A genetic predisposition to attention-deficit/hyperactivity disorder (ADHD) may increase risk for cognitive decline and Alzheimer’s disease, new research suggests.
Investigators note that the study, which included more than 200 participants, is the first to show an association between genetic risk for ADHD and odds of developing late-onset Alzheimer’s.
Those with higher ADHD polygenic risk scores (ADHD-PRS) who also had evidence of amyloid-β (Aβ) deposits at baseline experienced greater cognitive decline during the 6-year study period.
However, none of the participants had been clinically diagnosed with ADHD, and the researchers were quick to note that their findings do not imply that individuals with ADHD will develop Alzheimer’s.
Because this was an observational study and was not designed to assess causation, it is unclear whether a genetic predisposition to ADHD increases risk for Alzheimer’s or just makes individuals more susceptible to damage caused by the disease.
“At this moment, our data show that both could be true,” lead investigator Teixeira Leffa, MD, PhD, a psychiatry resident at the University of Pittsburgh Medical Center, Pennsylvania, told Medscape Medical News.
“We found that higher genetic risk for ADHD was associated with cognitive decline and development of Alzheimer’s pathology, suggesting that it can increase the risk of developing AD,” Leffa said.
“At the same time, these effects were mostly observed in individuals with amyloid pathology at baseline, pointing to the genetic risk for ADHD as a susceptibility to damage caused by Alzheimer’s,” he added.
The findings were published online December 8 in Molecular Psychiatry.
A Proxy for ADHD
Recent studies have suggested a possible link between ADHD and Alzheimer’s and other dementias. But exploring the association has been challenging because there are few large datasets on adults with ADHD.
So, researchers found a proxy for ADHD: a polygenic risk score that represents the combined genetic likelihood of developing ADHD.
They tapped the Alzheimer’s Disease Neuroimaging Initiative (ADNI), a longitudinal multicenter study, to identify 212 adults aged 55-90 years who had no cognitive impairment and who had not been clinically diagnosed with ADHD.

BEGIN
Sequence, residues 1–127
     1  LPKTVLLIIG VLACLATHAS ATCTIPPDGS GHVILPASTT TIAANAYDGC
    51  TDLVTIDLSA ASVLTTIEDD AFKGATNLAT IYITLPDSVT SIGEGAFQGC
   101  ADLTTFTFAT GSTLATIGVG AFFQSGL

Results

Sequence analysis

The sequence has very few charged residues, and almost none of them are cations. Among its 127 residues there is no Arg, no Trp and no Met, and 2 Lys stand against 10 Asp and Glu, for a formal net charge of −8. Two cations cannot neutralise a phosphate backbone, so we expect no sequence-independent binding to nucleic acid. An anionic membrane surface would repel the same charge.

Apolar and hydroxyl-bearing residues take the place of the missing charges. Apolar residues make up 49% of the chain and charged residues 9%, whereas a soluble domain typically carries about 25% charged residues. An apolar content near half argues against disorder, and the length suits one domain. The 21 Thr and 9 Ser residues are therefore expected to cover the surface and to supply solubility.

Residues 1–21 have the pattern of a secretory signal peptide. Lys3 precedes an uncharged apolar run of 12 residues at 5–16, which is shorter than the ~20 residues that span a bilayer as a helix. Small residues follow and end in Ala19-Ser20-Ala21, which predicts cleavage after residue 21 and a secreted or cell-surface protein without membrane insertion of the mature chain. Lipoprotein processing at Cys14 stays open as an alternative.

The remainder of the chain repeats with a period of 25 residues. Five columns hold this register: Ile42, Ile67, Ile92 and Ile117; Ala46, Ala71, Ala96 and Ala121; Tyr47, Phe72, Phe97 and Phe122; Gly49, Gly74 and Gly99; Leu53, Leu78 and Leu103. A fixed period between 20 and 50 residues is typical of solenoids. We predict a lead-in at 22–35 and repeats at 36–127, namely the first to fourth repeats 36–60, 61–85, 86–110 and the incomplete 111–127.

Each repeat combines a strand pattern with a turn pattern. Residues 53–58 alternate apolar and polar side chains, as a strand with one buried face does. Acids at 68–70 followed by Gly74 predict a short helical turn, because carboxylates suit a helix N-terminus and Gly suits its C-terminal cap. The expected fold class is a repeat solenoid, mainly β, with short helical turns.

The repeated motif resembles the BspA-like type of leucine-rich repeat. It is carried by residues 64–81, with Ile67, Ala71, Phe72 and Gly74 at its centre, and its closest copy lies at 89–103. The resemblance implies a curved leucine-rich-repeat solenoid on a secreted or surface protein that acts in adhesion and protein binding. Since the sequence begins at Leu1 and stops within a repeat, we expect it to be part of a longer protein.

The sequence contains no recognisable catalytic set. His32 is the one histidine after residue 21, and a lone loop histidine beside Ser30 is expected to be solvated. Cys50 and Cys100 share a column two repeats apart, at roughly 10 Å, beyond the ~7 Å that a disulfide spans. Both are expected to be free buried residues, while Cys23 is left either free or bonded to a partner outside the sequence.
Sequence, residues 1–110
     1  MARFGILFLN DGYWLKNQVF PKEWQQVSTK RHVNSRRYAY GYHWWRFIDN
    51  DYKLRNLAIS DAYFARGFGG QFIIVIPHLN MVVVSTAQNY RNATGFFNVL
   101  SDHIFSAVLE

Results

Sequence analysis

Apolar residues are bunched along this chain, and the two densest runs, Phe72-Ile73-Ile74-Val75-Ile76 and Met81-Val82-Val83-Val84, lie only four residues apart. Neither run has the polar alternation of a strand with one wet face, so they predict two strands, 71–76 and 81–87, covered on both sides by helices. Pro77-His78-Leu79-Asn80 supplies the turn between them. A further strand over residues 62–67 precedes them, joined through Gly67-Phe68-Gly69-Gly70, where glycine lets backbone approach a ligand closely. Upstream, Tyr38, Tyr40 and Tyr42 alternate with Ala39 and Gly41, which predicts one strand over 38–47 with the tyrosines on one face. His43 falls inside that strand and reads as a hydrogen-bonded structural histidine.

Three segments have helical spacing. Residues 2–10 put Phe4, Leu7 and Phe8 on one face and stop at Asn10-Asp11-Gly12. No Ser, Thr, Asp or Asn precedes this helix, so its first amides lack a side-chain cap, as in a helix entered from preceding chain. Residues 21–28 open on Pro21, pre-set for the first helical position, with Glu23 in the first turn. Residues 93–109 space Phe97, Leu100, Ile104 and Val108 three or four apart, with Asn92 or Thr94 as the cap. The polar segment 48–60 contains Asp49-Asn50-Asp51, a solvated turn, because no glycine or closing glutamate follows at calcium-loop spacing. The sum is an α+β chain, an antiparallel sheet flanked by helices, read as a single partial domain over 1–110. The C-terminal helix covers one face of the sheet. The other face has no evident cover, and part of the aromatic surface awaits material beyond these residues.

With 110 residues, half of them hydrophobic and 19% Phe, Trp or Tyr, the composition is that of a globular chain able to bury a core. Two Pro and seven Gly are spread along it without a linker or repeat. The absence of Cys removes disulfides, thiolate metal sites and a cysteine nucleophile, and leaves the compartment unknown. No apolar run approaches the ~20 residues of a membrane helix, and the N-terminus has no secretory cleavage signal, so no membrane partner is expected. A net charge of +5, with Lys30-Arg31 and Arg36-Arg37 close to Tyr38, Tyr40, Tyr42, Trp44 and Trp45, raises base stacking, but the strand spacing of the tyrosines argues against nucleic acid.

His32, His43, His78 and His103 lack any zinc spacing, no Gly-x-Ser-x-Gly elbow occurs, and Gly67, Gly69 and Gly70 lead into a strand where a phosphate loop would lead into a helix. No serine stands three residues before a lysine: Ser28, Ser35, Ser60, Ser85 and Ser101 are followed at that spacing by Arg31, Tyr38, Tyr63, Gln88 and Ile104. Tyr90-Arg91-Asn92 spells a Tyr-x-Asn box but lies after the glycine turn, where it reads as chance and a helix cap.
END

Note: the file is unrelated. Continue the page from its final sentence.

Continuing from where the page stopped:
At baseline, all participants underwent Aβ positron-emission tomography (PET) scanning, longitudinal cerebrospinal fluid (CSF) phosphorylated tau at threonine 181 (p-tau).181) assessment, MRI, and a cognitive assessment. All returned at 6 months, 1 year, and annually thereafter.
Results showed that a high PRS score for ADHD was associated with worse cognitive performance, but only among those with Aβ deposits at baseline.
Additionally, higher ADHD-PRS was associated with increased CSF p-tau181 levels and frontoparietal atrophy in cognitively unimpaired Aβ-positive individuals.
“Previous studies indicate that the effects of amyloid pathology in cognitive decline may depend on individual mechanisms of resilience and susceptibility,” Laffe said.
“Our findings suggest that participants with higher genetic risk for ADHD may be more susceptible to the cognitive impairment associated with amyloid deposition,” he added.
More Research Needed
Commenting on the findings for medical News, Heather Snyder, PhD, vice president of medical and scientific relations with the Alzheimer’s Association, said it’s important to note that study participants had genetic markers associated with ADHD risk but had not been diagnosed with ADHD.
“This may suggest that mechanisms which may be aberrant in ADHD are also mechanisms that are affected in cognitive decline,” she said.
Snyder emphasized that the findings “do not necessarily mean people with ADHD are at greater risk for cognitive decline. Larger, diverse population studies that further examine this possible association are needed.”
Laffe agreed, noting that “it is important to highlight that even though genetics has a large influence in the development of ADHD,” environmental factors also play a role.
She notes that some individuals with a lower genetic risk score go on to develop ADHD, while some with a higher score never show symptoms.
“This is an important limitation, and we would like to highlight that more work is needed to link clinically confirmed ADHD symptoms and the development of Alzheimer’s disease dementia,” Laffe said.
The study was unfunded. Leffa and Snyder report no relevant financial relationships.
Mol Psych. Published online December 8, 2022. Abstract
Kelli Whitlock Burton is a reporter for Medscape Medical News covering neurology and psychiatry.
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